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November 21 2011

November 14 2011

Four short links: 14 November 2011

  1. Science Hack Day SF Videos (justin.tv) -- the demos from Science Hack Day SF. The journey of a thousand miles starts with a Hack Day.
  2. A Cross-Sectional Study of Canine Tail-Chasing and Human Responses to It, Using a Free Video-Sharing Website (PLoSone) -- Approximately one third of tail-chasing dogs showed clinical signs, including habitual (daily or "all the time") or perseverative (difficult to distract) performance of the behaviour. These signs were observed across diverse breeds. Clinical signs appeared virtually unrecognised by the video owners and commenting viewers; laughter was recorded in 55% of videos, encouragement in 43%, and the commonest viewer descriptors were that the behaviour was "funny" (46%) or "cute" (42%).
  3. RSS Died For Your Sins (Danny O'Brien) -- if you have seven thousand people following you, a good six thousand of those are going to be people you don’t particularly like. The problem, as ever, is—how do you pick out the other thousand? Especially when they keep changing? I firmly believe that one of the pressing unsolved technological problems of the modern age is getting safely away from people you don't like, without actually throttling them to death beforehand, nor somehow coming to the conclusion that they don't exist, nor ending up turning yourself into a hateful monster.
  4. Generating Text from Functional Brain Images (Frontiers in Human Neuroscience) -- We built a model of the mental semantic representation of concrete concepts from text data and learned to map aspects of such representation to patterns of activation in the corresponding brain image. Turns out that the clustering of concepts in Wikipedia is similar to how they're clustered in the brain. They found clusters in Wikipedia, mapped to the brain activity for known words, and then used that mapping to find words for new images of brain activity. (via The Economist)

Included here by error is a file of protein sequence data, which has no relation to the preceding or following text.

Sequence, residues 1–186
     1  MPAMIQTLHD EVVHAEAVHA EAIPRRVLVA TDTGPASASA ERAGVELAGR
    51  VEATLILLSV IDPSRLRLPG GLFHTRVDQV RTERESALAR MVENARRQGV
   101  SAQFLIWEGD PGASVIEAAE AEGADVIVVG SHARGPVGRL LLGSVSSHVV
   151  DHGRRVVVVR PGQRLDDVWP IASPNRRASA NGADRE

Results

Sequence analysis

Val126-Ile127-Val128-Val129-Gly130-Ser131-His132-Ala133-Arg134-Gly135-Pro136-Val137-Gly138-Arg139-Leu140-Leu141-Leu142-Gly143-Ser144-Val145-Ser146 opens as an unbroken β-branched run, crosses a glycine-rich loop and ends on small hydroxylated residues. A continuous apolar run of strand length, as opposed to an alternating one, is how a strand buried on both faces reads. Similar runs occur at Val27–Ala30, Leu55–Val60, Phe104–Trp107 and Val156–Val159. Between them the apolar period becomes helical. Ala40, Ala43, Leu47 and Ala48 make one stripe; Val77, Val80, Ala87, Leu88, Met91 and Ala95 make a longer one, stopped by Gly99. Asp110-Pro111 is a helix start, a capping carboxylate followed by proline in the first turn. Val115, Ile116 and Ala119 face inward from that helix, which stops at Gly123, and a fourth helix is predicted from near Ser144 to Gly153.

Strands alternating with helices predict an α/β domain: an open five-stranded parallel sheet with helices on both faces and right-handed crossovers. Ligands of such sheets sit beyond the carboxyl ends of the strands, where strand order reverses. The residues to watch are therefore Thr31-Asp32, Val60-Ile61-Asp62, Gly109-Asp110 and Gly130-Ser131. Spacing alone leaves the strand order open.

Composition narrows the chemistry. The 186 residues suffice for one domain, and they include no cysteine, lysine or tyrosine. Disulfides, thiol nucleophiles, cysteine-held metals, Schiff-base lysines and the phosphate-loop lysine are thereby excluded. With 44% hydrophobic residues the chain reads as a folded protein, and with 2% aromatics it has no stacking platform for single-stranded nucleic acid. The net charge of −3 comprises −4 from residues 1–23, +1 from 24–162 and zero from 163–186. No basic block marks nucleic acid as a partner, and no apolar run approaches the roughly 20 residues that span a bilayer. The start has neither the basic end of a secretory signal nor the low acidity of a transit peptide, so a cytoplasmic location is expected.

November 03 2011

Wettbewerb gestartet: WissensWert 2011

In diesem Wettbewerb stellt Wikimedia Deutschland ausgewählten
Initiativen, die Freies Wissen fördern, erneut bis zu 5.000 Euro zur
Verfügung. Einzelpersonen oder Gruppen können noch bis zum 17. November 2011 spannende Projektideen einreichen, für deren Umsetzung ihnen bisher die finanziellen Mittel fehlten.

Mitmachen können ausdrücklich nicht nur die Mitgliederinnen und Mitglieder der Wikipedia- und Wikimedia-Community, sondern auch Vertreter der Free-Culture-Bewegung, Bastler und Creative-Commons-Fans, Freundinnen vom offenen Web, Open Data, Freier Software und Freien Netzen sind ebenso aufgerufen, ihre Ideen einzureichen.

In Kürze:
* Einreichungsphase: Noch bis zum 17. November 2011
* Fördersumme: Zwischen 500 und 5.000 Euro pro Projekt
* Zielgruppe: Alle, die ein spannendes Projekt rund um freies Wissen planen

Der Autor ist Mitglied der Jury die über die Preisträger entscheidet.

October 14 2011

Publishing News: Amazon fires up B&N and BAM

Here are the stories that caught my eye in the publishing space this week.

Amazon and DC Comics forge exclusive deal, B&N and BAM lash out

NeilTweet.PNGI first got wind of this story on Bleeding Cool when Neil Gaiman tweeted it. Basically, Amazon landed an exclusive deal with DC Comics to carry 100 of its best-selling graphic novels on the Kindle. B&N was first to take issue with the digital exclusivity and pulled the print versions of all 100 graphic novels from its shelves. This week, Books-A-Million, now the second largest chain bookstore in the US after the closing of Borders, joined the fray.

The reactions seem short sighted and knee-jerkish, especially in light of reports that the exclusive deal was for a limited period of four months. Giving Amazon additional (large platform retail sale) carte blanche to the print sales over that period seems a risky and questionable business strategy at best. CNN sums up the big-picture damage this fracas is causing: "Everyone is battling, and consumers are caught in the crossfire ..."